As marketers remix their Communications Mix and shift resources generally towards Social Media the question emerges:  ‘at what point does social media become less effective?’ Perhaps this World Cup is the turning point as brands compete as publishers, as sponsors and advertisers try to dominate the discussions, the awareness and preference levels and, ultimately sales.

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What Are The Benefits Of Owned Earned & Paid Media?

Owned media, or own channels, such as your web site, your you tube channel or twitter stream give you a certain amount of control over your message. Earned Media means engagement which means Word Of Mouth (or mouse) generated by discussions, likes, shares all triggered by your content. Going viral to a marketer is arguably akin to winning a World Cup Medal for a footballer but with little control over your message. While ‘Paid media’, whether banner ads, pay per click ads, promoted posts, promoted tweets or, some argue, sponsorship offers more control and can be much faster way to spread a message.

 

More Free Content = More Expensive Attention

If all brands become content publishers and engage in conversations simultaneously, surely this makes it more difficult  to grab attention?

More Content = Less Attention

More Free Content = More Expensive Attention

 

If owned and earned keep taking a larger share of the comms mix, at what point does it become less effective? The World Cup has generated a frenzy of high quality content. Why? I think the potentially powerful viral component of reaching out and connecting with customers via, an emotionally charged, shared experience, tempts a lot of marketers to become publishers.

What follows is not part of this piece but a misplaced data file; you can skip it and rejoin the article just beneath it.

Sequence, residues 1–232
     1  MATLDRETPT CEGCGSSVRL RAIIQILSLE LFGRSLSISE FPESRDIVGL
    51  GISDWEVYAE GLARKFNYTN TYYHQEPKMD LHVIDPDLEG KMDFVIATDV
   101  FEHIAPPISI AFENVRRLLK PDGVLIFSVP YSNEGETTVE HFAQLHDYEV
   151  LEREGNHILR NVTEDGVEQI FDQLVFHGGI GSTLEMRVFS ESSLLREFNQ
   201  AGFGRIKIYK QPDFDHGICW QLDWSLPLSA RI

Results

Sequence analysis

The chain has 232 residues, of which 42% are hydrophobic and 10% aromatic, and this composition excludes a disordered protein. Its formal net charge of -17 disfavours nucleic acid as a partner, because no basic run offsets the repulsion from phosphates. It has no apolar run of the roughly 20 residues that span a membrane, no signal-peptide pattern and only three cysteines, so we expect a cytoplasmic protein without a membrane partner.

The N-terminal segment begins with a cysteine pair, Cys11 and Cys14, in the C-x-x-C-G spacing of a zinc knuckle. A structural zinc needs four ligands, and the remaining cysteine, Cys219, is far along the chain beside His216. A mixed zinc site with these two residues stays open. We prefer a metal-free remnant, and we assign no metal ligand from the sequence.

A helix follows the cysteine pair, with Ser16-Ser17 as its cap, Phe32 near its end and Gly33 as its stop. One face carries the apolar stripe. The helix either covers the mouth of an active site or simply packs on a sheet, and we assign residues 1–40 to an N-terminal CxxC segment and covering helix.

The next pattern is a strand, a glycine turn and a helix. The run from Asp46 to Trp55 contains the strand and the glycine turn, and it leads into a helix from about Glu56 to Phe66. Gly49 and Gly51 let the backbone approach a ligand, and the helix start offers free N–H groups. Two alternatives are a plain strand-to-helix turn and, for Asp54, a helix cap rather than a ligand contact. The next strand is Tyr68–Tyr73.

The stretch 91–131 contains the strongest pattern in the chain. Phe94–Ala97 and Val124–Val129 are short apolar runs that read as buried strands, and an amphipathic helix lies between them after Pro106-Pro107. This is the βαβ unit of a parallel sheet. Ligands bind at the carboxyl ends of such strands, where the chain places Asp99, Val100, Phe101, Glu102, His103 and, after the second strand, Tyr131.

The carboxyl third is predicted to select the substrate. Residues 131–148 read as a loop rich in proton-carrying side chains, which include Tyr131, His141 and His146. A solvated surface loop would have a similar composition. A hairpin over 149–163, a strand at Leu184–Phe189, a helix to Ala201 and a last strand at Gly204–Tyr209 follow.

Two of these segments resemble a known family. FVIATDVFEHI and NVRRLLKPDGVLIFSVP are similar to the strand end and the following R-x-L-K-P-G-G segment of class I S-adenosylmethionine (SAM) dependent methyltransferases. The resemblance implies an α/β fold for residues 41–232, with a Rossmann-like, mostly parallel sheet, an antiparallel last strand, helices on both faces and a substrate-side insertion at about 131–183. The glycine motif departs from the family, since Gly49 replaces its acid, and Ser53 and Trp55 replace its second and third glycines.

Connecting via An Emotionally Charged Shared Experience

Youtube executives talk about Viral Videos have always having a ‘shared experience’ component whether this means riding the right trend, mood, public holiday or major event.  The World Cup has elevated ‘notions of connectedness and shared experiences to new levels’ (Alex Benady)

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Biggest Twitter Event In History

With brands spending over $1b on sponsorship (paid) and a lot more on content (owned) you can see how competitive it’s going to be  particularly as Twitter (earned) suggest the World Cup can be the biggest twitter event in history (Lewis Wiltshire, head of global partnerships at Twitter UK).

 

 

Leveraging Sponsorship Spend By 100%

Sponsors leverage the impact of their events by supporting it with advertising, sales promotions, PR, content generation and social media and more (usually requiring matched funding i.e. spend £1m on sponsorship you need to spend another £1m supporting it). Coca Cola have been known to leverage sponsorship 14 times over!